Tuesday, May 5, 2015

Dumping user passwords in plaintext on Windows 8.1 and Server 2012

Couple of days back, I read this very interesting post on the TrustedSec's blog. According to the post,  it is possible to dump passwords in plain from Windows 8.1 with a simple Registry hack. All we need to do is:

1. Create the registry key property "UseLogonCredential" at HKLM:\SYSTEM\CurrentControlSet\Control\SecurityProviders\WDigest and set its value to 1.
2. Lock the target computer.
3. Run Mimikatz when a user logs in.

Simple, isn't it? We can use PowerShell to easily achieve the above steps. 

Registry key property can be created with:
The target computer can be locked with the code found here (Thanks @subTee) :
The computer unlock event can be captured with (Thanks @mattifestation) :

Above could be assembled in a PowerShell script for easy use. Let me give you Invoke-MimikatzWdigestDowngrade.ps1. The name is too long for a single script but I like it :) It uses Invoke-Mimikatz from PowerSploit (thanks to @JoesphBialek and @gentilkiwi for that). Invoke-MimikatzWdigestDowngrade is available here in the github repo of Nishang.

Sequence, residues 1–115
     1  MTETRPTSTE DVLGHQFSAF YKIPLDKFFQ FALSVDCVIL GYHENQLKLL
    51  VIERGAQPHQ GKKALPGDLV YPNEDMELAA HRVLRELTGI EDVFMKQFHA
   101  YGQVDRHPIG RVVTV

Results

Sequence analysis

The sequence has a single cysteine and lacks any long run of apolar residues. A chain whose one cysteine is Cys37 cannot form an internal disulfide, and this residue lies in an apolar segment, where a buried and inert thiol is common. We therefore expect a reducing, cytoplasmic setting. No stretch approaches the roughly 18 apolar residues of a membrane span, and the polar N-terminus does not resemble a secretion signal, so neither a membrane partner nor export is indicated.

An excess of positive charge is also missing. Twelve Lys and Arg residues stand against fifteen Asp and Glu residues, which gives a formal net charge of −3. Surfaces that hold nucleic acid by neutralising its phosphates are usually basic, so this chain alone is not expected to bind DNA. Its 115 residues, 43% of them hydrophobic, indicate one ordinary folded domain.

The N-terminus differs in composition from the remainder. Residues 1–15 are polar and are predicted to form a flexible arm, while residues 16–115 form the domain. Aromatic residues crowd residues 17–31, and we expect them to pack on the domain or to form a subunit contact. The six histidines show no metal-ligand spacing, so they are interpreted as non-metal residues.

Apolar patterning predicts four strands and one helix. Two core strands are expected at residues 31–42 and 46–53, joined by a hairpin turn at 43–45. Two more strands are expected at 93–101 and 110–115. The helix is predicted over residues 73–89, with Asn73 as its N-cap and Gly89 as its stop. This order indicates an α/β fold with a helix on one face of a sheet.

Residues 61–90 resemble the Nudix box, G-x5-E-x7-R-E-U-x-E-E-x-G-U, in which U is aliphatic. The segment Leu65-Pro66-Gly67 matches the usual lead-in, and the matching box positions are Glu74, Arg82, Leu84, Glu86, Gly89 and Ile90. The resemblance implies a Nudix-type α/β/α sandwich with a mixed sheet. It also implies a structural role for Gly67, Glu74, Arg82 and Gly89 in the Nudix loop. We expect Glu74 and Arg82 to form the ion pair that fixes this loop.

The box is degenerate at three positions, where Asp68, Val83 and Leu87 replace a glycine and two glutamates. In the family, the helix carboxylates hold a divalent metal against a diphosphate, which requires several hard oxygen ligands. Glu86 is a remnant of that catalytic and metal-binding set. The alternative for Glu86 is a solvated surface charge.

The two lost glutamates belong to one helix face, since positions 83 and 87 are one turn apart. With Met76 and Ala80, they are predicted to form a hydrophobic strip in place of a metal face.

Here is the script in action on a Windows Server 2012:

Without the downgrade, Invoke-Mimikatz on a Server 2012 machine looks like this:

And with Invoke-MimikatzWdigestDowngrade (AFTER the user unlocks the machine):
Bingo! We successfully dumped user password in plain.

Notice that the event trigger started a job and we may need to use Get-Job | Recieve-Job cmdlets to see the output.

Below video shows the script in action:

For access to the remote machine, I used PowerShell shells like Powercat and couple of custom PowerShell shells which I will publish soon. 
Unfortunately, in my tests, the script doesn't work from PowerShell remoting and meterpreter. As far as I know, inability to run scripts in user context is the reason for failure in PowerShell remoting. But I am unaware of why it is not working with meterpreter.

This is one of the various examples where PowerShell enahnces a penetration test by combining various simple techniques together. Knowing PowerShell is crucial for better security testing from both red team's and blue team's perspective.  

Things to note/Meh! :

If you liked the post and want to learn more and/or want to support my research and work, join me for a two days training "PowerShell for Penetration Testers" at:

NolaCon, New Orleans (June 10-11th) -
Shakacon, Honolulu (July 6-7th) -

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